Dale Burden: Schools and sporting organisations need a better relationship

6 comments
Former headmaster of Mount Albert Grammar School Dale Burden responds to Chris Rattue's column on Auckland's woeful sports teams, stating it goes back to the poor relationship between Auckland sporting organisations and schools.

Dale Burden is principal of St Peter's School, Cambridge.

Chris Rattue's article is timely and sums up well the key points many have been talking about for a while.

I was Headmaster of Mount Albert Grammar School for a decade between 2006 and 2015. MAGS was regarded then and now, as arguably the best sporting school in the country. We enjoyed local and national success while at the same time developed a large number of talented sportsmen and women.

We played in tough competitions with liked minded and successful schools such as St Kentigern College, Auckland Grammar, Westlake Boys and Sacred Heart. These schools along with MAGS dominated local and national competitions and this year looks to be no different. So if Auckland can dominate the country at school level what happens later?

The answer I believe lies in the lack of genuine partnership and relationship with schools and the poor development programmes post school.

The inability of most Auckland sporting organisations to form meaningful relationships and partnerships with the top sporting secondary schools shows a complete lack of strategic thinking and leadership from those organisations.

I had more conversations with Auckland rugby over my decision not to opt into their "money making " scheme of streaming 1A live than at any other time. They never approached me to ask if we needed in assistance in the areas that matter ie coaches, players and resources.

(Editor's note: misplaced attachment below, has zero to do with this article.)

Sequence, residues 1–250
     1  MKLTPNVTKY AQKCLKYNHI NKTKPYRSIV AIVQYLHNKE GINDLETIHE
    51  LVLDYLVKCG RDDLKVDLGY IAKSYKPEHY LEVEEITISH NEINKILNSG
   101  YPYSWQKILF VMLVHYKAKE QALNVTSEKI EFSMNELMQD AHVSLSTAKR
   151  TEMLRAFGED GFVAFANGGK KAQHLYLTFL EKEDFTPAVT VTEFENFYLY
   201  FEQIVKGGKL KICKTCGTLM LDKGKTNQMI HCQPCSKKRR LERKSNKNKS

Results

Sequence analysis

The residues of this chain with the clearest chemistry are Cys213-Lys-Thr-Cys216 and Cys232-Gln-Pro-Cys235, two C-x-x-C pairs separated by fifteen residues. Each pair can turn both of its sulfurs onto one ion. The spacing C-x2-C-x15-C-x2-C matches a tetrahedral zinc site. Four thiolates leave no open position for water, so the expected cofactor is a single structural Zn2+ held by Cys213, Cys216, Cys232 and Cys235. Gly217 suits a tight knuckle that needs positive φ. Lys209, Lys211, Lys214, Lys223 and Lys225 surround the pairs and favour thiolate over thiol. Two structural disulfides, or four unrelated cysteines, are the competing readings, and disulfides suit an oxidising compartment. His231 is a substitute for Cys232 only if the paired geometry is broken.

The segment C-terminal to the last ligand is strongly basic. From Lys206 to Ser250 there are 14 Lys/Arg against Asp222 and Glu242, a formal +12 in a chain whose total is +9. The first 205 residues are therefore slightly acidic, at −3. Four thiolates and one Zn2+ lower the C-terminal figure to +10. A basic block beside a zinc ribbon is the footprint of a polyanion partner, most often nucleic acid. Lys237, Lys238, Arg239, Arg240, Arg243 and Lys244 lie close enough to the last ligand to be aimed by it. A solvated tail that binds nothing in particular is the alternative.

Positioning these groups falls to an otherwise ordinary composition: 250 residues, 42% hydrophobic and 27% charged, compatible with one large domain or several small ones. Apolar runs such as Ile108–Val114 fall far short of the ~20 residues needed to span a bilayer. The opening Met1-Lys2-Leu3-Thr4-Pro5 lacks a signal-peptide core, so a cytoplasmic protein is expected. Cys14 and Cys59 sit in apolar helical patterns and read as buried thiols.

Most of the sporting organisations in my view showed little respect to schools and their programmes. Netball and football were the worst in this respect. Their attitude at times bordered on arrogance as they showed little or no regard for programmes running at schools that are in fact superior to anything they do.

Surely a better and more strategic approach would have been to develop a close relationship with the school, get to know the coaches, players and build on retaining them in the sport in the region. They seemed to do everything and anything to undermine programmes and showed little recognition for the vital role schools have in identifying and developing talent.

So what happens when they leave school? Not a lot and that's the problem. During my time in Auckland I grew tired of the complete waste of secondary school talent by post school programmes that lacked quality and leadership and instead were disorganised, poorly led and filled with politics and other agendas.

Obviously there were exceptions but these were mainly talented individuals who were very much in a minority in their sports organisation and always had to report to someone else further up the chain. Usually these people moved on after years of frustration.

Post school player development should involve retaining your best talent and putting quality programmes in place. This involves quality selection and this is an area where there is much room for improvement in Auckland as the rest of New Zealand is full of top Auckland talent that somehow has been let go.

There is so much that Rugby, Football, and netball can learn from the top sporting schools. These are led and staffed by top people who not only understand how to run successful sports programmes but they understand young people and know how to get the best out of them.

Since moving to the Waikato and taking on the role of Principal at St Peter's Cambridge I have been amazed at the difference in attitude that sporting bodies have towards schools. The attitude of the key people that I have met so far particularly in Rugby, Netball and Football has been positive and engaging.

Their Mantra has been " how can we help". I have been impressed by post school programmes that focus and select on character and values, not just talent. They seem tuned into long term strategic thinking that includes schools and sees them as valuable stakeholders to work closely with rather than just on a diagram in their strategic plan.

I am convinced that if these sporting bodies that Rattue's article focuses on developed more effective and genuine relationships with the schools and dropped their superiority complex and were prepared to learn, this would help them become more successful in the long term.

- NZ Herald

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